Jarred Cinman considers the problem of the digital skills shortage and a plan and a plea.
The South African technology industry is suffering from a profound lack of skilled people to deliver on the needs of our clients. Where those clients are ourselves – in the development of startup technology – the problem is even more severe.
The Word Economic Forum’s Global Information Technology Report, which measures the preparedness of an economy to use information communication technology (ICT) to boost competitiveness and well-being, ranked Europe as the leader in the use of ICTs to transform the economy and society. Sadly, South Africa was placed 70th, behind Mauritius, which was the first African country on the list, in 55th position.
Put simply, if we cannot produce better and more employees we will continue to have an industry that is plagued by a deadly combination of mediocre work and an escalating salary bill.
Dynamics at play
In South Africa we find ourselves at an uncomfortable intersection. On the one side of the playing field is a relatively well-funded corporate world with world-class aspirations. This means that South Africa feels able to compete on even terms with anyone, anywhere.
On the other side is an educational system – primary, secondary and tertiary, and a corporate training environment – that is mostly terrible, and declining from there. We have not kept up with the rising demand for what Google calls “smart creatives”, in which I would include programmers, strategists, creatives, user experience (UX) designers and so on.
Along with that there are an estimated 344 000 unemployed people with degrees, diplomas and certificates. Although a tertiary qualification remains the most successful indicator of finding employment (90% of graduates are employed) the remainder fail to find work.
Beyond the formal education system we have also failed to build sufficient appreciation for the beauty of work. This may sound overly romantic but abundant societies have, at their core, a belief that excellence is something that requires patience and hard work. This is true of both the old timers in society and the millennials. In post-apartheid South Africa, there has been little investment into instilling these values in young people.
As a result of a combination of inadequate education and an insufficient belief in the importance of hard work, the employees available to us are increasingly mediocre. That’s unfortunate because the desires of our clients have never been greater.
However it is not only education that is the problem. This industry is struggling to retain skills – and by the industry I mean technology and digital businesses primarily, not large corporates who are competing for these skills. And as a country we are struggling to keep the best people here.
Because there are relatively few skilled people, and comparatively many jobs, we all experience high staff churn. Ironically, the better your business, the more likely your people are to leave – because the more likely they are to be sought after by competitors.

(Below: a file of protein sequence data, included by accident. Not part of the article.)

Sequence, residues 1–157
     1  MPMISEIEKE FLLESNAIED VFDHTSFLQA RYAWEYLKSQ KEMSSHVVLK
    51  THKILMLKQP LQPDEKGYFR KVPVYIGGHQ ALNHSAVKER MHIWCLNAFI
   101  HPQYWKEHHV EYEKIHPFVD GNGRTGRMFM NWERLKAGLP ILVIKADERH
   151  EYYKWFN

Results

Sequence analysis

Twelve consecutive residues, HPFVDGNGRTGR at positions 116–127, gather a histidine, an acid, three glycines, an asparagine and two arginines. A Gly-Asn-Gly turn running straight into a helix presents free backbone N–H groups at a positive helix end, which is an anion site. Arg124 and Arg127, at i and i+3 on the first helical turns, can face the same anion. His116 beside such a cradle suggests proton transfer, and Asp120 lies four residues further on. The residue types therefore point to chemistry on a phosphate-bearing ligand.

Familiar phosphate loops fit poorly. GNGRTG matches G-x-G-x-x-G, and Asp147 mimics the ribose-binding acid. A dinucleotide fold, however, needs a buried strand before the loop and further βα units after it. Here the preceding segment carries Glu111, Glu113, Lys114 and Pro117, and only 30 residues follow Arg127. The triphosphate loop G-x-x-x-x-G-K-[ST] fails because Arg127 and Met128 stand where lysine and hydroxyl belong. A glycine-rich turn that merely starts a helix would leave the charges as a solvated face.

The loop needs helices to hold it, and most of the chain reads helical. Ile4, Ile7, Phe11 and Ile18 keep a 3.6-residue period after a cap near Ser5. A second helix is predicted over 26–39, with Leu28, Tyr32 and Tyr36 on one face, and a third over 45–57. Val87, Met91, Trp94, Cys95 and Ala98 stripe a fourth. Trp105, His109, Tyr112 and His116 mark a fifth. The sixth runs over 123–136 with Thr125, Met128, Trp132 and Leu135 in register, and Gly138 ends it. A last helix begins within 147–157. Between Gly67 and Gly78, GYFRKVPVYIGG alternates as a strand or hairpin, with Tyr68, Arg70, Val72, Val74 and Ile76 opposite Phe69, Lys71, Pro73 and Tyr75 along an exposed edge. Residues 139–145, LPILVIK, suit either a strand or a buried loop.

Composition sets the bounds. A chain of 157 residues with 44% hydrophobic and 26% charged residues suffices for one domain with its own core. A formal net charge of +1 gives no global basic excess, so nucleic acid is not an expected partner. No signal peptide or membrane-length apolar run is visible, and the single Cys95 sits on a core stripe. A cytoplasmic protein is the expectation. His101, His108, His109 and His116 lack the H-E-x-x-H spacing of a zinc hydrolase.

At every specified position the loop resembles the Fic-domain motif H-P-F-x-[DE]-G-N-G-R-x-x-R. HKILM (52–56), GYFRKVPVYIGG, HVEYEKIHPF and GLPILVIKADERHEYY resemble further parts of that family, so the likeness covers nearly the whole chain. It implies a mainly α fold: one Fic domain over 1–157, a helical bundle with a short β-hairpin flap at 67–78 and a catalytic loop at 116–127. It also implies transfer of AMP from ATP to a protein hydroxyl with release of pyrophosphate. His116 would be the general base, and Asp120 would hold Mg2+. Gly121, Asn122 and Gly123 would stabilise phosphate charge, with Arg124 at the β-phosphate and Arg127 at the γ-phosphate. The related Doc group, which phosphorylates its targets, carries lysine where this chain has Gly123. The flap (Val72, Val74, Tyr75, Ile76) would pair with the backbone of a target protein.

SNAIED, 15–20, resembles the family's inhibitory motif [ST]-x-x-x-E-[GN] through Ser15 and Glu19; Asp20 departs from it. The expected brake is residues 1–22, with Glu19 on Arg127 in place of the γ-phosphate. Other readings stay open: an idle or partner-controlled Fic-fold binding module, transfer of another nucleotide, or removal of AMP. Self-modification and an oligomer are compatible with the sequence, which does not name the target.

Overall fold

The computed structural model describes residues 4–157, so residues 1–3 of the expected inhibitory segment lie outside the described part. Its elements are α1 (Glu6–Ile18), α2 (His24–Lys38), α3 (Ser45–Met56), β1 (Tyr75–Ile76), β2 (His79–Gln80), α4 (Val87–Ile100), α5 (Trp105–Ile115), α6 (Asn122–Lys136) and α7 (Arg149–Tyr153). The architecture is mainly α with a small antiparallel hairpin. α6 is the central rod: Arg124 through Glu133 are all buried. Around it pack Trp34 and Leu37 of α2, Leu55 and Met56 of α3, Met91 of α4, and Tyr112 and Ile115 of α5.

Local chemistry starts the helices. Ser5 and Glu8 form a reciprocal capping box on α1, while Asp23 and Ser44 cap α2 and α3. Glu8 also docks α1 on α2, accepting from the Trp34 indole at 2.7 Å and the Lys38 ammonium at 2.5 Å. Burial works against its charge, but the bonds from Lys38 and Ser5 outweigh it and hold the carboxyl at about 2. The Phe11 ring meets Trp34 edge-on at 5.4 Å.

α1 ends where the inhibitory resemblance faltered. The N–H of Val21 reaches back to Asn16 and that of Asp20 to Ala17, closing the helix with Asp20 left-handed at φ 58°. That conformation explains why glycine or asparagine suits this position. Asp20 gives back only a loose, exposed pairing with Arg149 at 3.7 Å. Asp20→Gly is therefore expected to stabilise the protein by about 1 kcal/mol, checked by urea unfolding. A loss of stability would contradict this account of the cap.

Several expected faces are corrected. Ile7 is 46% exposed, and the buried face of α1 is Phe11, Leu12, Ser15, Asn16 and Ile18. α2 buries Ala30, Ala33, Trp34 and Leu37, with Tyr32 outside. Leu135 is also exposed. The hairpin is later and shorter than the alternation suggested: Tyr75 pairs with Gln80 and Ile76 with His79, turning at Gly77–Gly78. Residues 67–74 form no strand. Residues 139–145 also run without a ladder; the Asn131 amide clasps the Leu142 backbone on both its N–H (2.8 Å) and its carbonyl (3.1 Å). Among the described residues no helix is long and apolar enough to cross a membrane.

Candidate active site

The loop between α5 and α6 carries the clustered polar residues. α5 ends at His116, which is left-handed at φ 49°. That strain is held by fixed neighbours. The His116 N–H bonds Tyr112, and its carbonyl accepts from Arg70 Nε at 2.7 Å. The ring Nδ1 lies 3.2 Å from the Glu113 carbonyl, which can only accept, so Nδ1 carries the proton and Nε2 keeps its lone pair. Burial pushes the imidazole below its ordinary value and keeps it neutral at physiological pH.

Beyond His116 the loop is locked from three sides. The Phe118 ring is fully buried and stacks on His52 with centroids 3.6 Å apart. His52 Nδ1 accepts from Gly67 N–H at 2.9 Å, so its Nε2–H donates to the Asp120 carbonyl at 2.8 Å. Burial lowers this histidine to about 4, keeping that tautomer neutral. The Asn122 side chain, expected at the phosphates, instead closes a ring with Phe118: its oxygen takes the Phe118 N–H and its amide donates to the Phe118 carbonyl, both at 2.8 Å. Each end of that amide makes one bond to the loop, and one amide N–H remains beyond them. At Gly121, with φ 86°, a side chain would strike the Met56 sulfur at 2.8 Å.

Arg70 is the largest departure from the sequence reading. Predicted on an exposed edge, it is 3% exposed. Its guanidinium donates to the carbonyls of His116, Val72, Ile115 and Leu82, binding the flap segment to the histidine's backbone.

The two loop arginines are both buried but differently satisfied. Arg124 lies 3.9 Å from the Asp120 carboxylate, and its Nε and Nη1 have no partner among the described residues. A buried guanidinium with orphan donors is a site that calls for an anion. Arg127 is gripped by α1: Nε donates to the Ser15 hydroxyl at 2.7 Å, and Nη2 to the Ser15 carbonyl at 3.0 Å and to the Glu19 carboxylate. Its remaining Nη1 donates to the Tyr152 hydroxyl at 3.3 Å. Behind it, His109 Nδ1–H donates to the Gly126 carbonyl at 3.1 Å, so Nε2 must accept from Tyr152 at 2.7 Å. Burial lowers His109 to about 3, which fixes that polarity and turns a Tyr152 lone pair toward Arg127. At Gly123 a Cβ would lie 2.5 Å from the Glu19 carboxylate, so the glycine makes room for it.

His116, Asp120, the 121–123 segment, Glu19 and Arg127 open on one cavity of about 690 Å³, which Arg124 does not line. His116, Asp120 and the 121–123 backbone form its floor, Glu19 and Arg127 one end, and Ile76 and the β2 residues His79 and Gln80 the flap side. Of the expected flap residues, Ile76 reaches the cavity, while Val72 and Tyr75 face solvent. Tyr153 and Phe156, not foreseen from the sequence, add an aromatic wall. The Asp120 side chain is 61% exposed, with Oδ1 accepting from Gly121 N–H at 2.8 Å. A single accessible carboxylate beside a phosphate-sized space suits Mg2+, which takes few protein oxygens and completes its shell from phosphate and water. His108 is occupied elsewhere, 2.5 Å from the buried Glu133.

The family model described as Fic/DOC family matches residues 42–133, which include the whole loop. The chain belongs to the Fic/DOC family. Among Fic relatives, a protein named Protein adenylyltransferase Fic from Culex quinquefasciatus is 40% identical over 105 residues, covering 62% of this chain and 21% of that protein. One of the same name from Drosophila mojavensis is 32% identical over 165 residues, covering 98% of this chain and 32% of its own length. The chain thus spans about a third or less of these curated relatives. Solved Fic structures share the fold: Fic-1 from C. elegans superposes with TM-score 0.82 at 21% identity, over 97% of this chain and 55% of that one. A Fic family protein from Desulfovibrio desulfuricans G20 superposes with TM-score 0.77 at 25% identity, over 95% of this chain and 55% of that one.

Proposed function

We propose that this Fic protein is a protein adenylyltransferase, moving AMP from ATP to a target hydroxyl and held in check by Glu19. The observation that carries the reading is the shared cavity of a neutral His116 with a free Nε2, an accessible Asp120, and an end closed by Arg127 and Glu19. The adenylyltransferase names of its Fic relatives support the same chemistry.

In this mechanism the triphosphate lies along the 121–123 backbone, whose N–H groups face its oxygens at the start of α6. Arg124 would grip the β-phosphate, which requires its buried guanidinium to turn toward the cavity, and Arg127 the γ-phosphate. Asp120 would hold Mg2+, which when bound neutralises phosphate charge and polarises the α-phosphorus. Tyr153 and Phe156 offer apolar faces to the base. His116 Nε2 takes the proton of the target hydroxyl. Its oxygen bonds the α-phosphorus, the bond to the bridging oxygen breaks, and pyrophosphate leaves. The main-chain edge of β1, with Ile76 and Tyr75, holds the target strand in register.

So what can we do?
There are two schools of thought on how we can proceed: one says live with it.
I think that’s a tragic outcome not only for businesses but for employees too. Changing jobs every six months or year actually slows down mastery because so much time is spent learning the dynamics of a new business. This results in relatively experienced employees with relatively poor skills.
The other school of thought says we have the power to change this.
Here’s what I think we can do:
Those of you who are parents can start by ensuring your children understand the value and importance of mastery, rather than simply the relationship between work and material gain. The best people I employ are not the best educated, but the ones raised right.
Every one of us can get out there and contribute to raising awareness about digital and technology careers among young people. There are many outreach programmes, mentorship opportunities and other ways for those of us who know what the need looks like to help educate the next generation.
Formalise teaching in our businesses. We need to break with traditional slow classroom learning models and build new ones that allow people to grow quickly. This has the dual effect of engaging young people and improving the standard of our work. It also means lower income earners can do more, staving off the need to keep poaching more senior people from competitors.
The opportunities we have as a country and as companies within this country have never been greater. We have an increasing middle class that is ready to spend money. We are an English-speaking country in the same timezone as Europe, which can service the needs of customers on that continent. We remain the best hope for many businesses to enter the African market. And we are capable, at least in theory, of creating startups which could build products with a global audience.
We should all stop focusing as much on how we’re going to persuade talent away from our competitors, and start focusing on how we’re going to grow talent of our own. When we do that, greatness will follow.
Want to continue this conversation on The Media Online platforms? Comment on Twitter @MediaTMO or on our Facebook page. Send us your suggestions, comments, contributions or tip-offs via e-mail to email@example.com.